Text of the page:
The show’s premiere was pushed back a week, but is now scheduled for 9 p.m. Nov. 15.
Day sat down for coffee recently, after finishing taping the last bits of the series. She said it’s been a race to the finish line with every house. She restored six mansions in 10 months.
“It’s been exciting and fun and stressful and late nights and early mornings and now it’s the calm before the storm. But it’s a good storm,” she said, referring to whatever fame and fortune await once the show begins airing.
The wrap party for the show’s production crew was at Foundry in Westport Nov. 6. Day says it was bittersweet.
“On one hand, I am really excited and glad that it’s done,” she says. “But I absolutely adore everyone on our crew. We all crossed from just colleagues to friends. There is huge diversity from 20-year-olds to crew members just a few years older than me, people from all economic backgrounds, men, women, black, white. I live in a little bubble in Johnson County so it’s nice to have that diversity. My life is better because of them.”
She is hoping the show will be so popular it will be renewed so they can all work together on more seasons.
Two back-to-back, 30-minute episodes will focus on renovating four rooms in each of the six homes. The pilot will also re-air, so there will be 14 shows over seven weeks.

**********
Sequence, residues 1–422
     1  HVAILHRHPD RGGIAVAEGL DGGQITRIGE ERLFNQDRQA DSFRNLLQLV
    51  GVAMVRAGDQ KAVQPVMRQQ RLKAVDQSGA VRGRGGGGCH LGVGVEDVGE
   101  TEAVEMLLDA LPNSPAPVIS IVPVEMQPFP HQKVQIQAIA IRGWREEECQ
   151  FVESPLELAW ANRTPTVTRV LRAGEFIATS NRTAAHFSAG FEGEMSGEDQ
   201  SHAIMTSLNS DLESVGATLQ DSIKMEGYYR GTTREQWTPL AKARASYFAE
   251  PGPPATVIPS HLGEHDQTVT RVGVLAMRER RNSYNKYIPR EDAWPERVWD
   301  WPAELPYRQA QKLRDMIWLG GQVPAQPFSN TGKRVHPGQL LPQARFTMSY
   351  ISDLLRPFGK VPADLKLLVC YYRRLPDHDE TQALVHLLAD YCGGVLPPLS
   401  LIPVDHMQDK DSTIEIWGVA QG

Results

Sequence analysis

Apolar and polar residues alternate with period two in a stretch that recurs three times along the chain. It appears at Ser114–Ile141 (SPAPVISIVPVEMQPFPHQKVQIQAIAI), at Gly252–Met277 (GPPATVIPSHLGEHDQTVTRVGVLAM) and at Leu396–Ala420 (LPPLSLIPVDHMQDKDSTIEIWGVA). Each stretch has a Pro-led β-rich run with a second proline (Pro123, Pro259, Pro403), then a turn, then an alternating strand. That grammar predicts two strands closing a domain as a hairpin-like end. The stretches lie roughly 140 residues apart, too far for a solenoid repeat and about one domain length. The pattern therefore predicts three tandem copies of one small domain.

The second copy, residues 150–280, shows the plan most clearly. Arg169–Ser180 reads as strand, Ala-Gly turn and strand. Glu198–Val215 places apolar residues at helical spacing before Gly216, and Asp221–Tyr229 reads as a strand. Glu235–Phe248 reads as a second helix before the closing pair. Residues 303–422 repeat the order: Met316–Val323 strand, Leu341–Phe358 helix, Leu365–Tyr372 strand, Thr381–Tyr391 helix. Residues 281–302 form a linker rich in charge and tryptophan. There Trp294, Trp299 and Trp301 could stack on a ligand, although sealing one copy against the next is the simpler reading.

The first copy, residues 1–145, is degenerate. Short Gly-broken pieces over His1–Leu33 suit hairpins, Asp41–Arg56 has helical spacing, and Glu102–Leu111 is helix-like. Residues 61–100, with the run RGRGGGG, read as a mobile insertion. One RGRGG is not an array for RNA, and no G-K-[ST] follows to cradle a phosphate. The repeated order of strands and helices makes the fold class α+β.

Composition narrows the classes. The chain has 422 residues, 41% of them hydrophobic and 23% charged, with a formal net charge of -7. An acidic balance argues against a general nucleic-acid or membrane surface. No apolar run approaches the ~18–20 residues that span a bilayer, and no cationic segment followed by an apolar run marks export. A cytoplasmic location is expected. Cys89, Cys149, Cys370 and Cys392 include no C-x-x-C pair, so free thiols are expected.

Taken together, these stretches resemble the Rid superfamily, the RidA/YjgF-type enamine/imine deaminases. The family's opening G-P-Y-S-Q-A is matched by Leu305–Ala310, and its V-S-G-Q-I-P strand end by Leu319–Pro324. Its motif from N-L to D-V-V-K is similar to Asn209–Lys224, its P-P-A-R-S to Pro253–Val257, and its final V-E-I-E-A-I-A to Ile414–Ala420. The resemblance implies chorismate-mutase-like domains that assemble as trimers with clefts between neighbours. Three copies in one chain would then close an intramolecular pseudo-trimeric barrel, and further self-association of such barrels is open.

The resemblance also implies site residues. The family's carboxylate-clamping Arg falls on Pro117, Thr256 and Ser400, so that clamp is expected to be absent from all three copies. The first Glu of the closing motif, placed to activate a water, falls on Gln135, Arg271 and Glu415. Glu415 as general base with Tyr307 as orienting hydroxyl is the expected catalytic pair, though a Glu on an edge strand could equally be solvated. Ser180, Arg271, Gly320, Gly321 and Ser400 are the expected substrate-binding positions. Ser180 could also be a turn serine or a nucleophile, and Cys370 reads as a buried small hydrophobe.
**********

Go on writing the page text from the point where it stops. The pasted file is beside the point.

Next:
Charlotte, the first of the six houses that Day renovated, will air first. She named most of the homes after streets they either sit on or near, so there’s Juniper in Leawood; Warwick in Old Hyde Park; Locust in Central Hyde Park; Ward Parkway in Country Club District; and Lake House in Leawood.
“That last one actually sits on a pond,” Day said, chuckling.
Five of the homes sold quickly after Day and her team finished them and the sixth is under contract. Her dad, Ward Schraeder, who makes guest appearances on the show, bought one of the houses, near the Days’ Leawood home.
He and Day’s mother wanted a part-time place closer to their grandchildren. The Schraeders live full time in Salina, and Ward Schraeder is CEO and a principal partner at Medical Development Management in Wichita.
Troy Paul, owner of Leawood’s Next Generation Construction, was general contractor on the “Bargain Mansions” and will also appear in all the shows.
Day noted that she was only a part of the renovation process of each home.
“This is a we, not a me. It takes a whole team working together.”
All of the homes had their own issues, Day said.
Charlotte, for instance, was abandoned and so neglected that most people would have torn it down, she says. She showed off photos of its redone interior on her cellphone.
Now it has a jaw-dropping kitchen with tiny white glass tile walls, open shelving, black base cabinets and a huge wood island that adds warmth to the modern room.
The living room’s original stone fireplace has been painted black giving the space a fresh feel. She was also able to restore the intricate woodwork and spindles on a staircase from the foyer to the second floor.
Day and Matt Antrim, co-owner of Reality Road Entertainment in Kansas City and executive producer and creator of the show, as well as the rest of the crew, family and friends will hold a watch party at 6:30 p.m. Wednesday night. They’ll view a recorded version so Day can get her kids home at a reasonable hour.
“It’s a school night,” she notes.
Until then, the bubbly and unassuming Day hopes to spend as much time as possible with her kids. Her youngest, she says, is turning 5 in a few days so she’s in the middle of planning a unicorn party for her.
“I feel like mom again, making dinner, driving carpool, hanging out and watching TV with the kids, though I could do without the homework,” she said. “Seventh grade math is challenging.”